Reconstructive Quotes: A Public Service Announcement

Since writing my last my last post I have had a number of questions posed to me about reconstruction options after breast cancer surgery from both mastectomy patients and non-mastectomy patients.

And while I am always happy to share (and often, over-share) my story, I am NOT a medical professional (if by nothing else but by my sad looking bank balance!).  Please understand that this process has been my personal journey and my personal reality and it certainly may not be the journey and reality of another breast cancer patient. Chemo brain and elective memory failure have also taken their toll, so I may not have always remembered every (important) detail explained to me.

But, what I have been encouraged by is the fact that women are asking these sometimes very hard questions and that they are going into these often very scary procedures armed with vital knowledge.

The information on the internet is often overwhelming and for most part you need to have a medical degree to actually understand it.  Add this to that fact that you need to be wary of believing everything you read on the web and you have a very definite risk of being totally overwhelmed and just sticking your head in the sand!

I have found that the following articles seem to be legit and a little easier for us common folk to understand, and also pretty much what I remember being explained to me.  But if you find any articles which you think would be suitable, please feel free to post them below under comments.

Obviously this is not meant to replace, and is still a VERY poor substitute, for sitting down with your plastic surgeon and discussing your individual options with them in detail.  However, it just may help you prepare for those meetings and get you to ask the questions which may make a huge difference in your life post cancer.

MOST IMPORTANTLY  – please also remember, some options may not be available to everyone due to their particular oncology treatment plan, and no plastic or reconstructive surgery is ever worth risking your life over.

Types of breast reconstruction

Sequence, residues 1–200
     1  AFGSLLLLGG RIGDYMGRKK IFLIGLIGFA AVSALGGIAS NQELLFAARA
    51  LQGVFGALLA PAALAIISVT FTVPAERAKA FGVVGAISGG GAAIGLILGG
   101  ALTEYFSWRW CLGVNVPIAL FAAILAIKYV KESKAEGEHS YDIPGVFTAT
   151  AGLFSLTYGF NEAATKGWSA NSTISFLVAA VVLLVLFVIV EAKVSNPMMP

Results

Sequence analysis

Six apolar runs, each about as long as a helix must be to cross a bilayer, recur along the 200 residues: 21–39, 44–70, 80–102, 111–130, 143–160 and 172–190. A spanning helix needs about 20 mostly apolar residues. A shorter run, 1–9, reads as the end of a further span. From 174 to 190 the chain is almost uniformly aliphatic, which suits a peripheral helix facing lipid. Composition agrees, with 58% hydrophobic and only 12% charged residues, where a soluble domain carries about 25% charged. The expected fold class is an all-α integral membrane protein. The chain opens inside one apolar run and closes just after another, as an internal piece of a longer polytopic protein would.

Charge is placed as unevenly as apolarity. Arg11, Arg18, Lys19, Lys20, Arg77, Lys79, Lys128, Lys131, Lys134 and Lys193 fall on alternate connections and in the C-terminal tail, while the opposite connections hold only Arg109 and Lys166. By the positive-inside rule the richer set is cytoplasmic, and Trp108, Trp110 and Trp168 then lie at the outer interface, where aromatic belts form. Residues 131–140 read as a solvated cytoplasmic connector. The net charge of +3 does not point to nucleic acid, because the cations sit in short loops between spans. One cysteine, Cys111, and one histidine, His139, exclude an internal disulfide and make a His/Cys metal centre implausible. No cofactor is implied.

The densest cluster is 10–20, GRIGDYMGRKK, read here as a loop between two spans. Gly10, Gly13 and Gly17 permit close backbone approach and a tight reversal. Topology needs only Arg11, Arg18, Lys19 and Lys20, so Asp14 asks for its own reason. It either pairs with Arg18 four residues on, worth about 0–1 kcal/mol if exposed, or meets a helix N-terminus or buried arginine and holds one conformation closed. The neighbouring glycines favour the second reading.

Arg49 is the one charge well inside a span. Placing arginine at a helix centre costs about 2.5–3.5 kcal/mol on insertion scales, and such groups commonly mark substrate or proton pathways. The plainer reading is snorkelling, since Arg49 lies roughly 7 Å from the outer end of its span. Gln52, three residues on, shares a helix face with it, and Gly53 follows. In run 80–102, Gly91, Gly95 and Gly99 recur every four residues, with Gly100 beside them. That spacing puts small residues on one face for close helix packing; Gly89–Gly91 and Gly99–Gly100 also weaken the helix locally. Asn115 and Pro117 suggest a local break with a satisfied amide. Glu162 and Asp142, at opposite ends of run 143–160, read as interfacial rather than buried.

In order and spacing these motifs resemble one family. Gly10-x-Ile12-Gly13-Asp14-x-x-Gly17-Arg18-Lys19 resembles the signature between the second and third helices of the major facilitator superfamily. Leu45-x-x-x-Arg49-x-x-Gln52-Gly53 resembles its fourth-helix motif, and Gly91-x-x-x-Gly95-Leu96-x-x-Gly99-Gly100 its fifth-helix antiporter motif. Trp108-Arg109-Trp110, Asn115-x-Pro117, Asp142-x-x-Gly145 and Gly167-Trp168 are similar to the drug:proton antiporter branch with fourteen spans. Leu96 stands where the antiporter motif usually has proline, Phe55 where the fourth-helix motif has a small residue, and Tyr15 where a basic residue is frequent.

Several types of operations can be done to reconstruct the shape of your breast. You can have a newly shaped breast with the use of a breast implant, your own tissue flap, or a combination of both. (A tissue flap is a section of your own skin, fat, and in some cases muscle which is moved from another area of your body to your chest.)

Implant procedures

Types of implants

Implants have a silicone shell filled with either silicone gel or salt water (saline).

Silicone gel-filled implants are one option for breast reconstruction. Most of the recent studies show that silicone implants do not increase the risk of immune system problems, and the FDA (Food and Drug Administration) has approved silicone implants since 2006.

Some newer types use thicker silicone gel, called cohesive gel. The thickest ones are sometimes called “gummy bear” implants and are made of highly cohesive silicone. They are more accurately called form-stable implants, meaning that they keep their shape even if the cover is cut or broken. Although it was first thought they wouldn’t leak even if they did break, there have been reports of ruptures with leakage. Form-stable implants were approved in early 2013 in the United States.

Types of implant surgery

One-stage immediate breast reconstruction is also called direct-to-implant reconstruction. For this, the final implant is put in at the same time as the mastectomy is done. After the surgeon removes the breast tissue, a plastic surgeon places a breast implant. The implant is usually put beneath the muscle on your chest. A special type of graft or an absorbable mesh is used to hold the implant in place, much like a hammock or sling. (See the section “New methods of tissue support.”).

Two-stage reconstruction means that a short-term tissue expander is put in after the mastectomy. The expander is a balloon-like sac that’s slowly expanded to the desired size to allow the skin flaps to stretch. It’s used when the surgeon believes that the mastectomy skin flaps are not healthy enough to support a full-sized implant right away. Through a tiny valve under the skin, the surgeon injects a salt-water solution at regular intervals to fill the expander over a period of about 2 to 3 months. After the skin over the breast area has stretched enough, a second surgery will remove the expander and put in the permanent implant. Some expanders are left in place as the final implant.

The two-stage reconstruction is sometimes called delayed-immediate reconstruction because it allows time for other treatment options. If radiation therapy is needed, the final placement of the implant is put off until radiation treatment is complete. If radiation is not needed, the surgeon can start right away with the tissue expander.

Considerations about implants

Keep these important factors in mind if you are thinking about having implants to reconstruct the breast and/or to make the other breast match the reconstructed one:

  • You may need more surgery to remove and/or replace your implant later. In fact, up to half of implants used for breast reconstruction have to be removed, modified, or replaced in the first 10 years.
  • You can have problems with breast implants. They can break (rupture) or cause infection or pain. Scar tissue may form around the implant (called capsular contracture), which can make the breast harden or change shape, so that it no longer looks or feels like it did just after surgery. Most of these problems can be fixed with surgery, but others might not be reversible.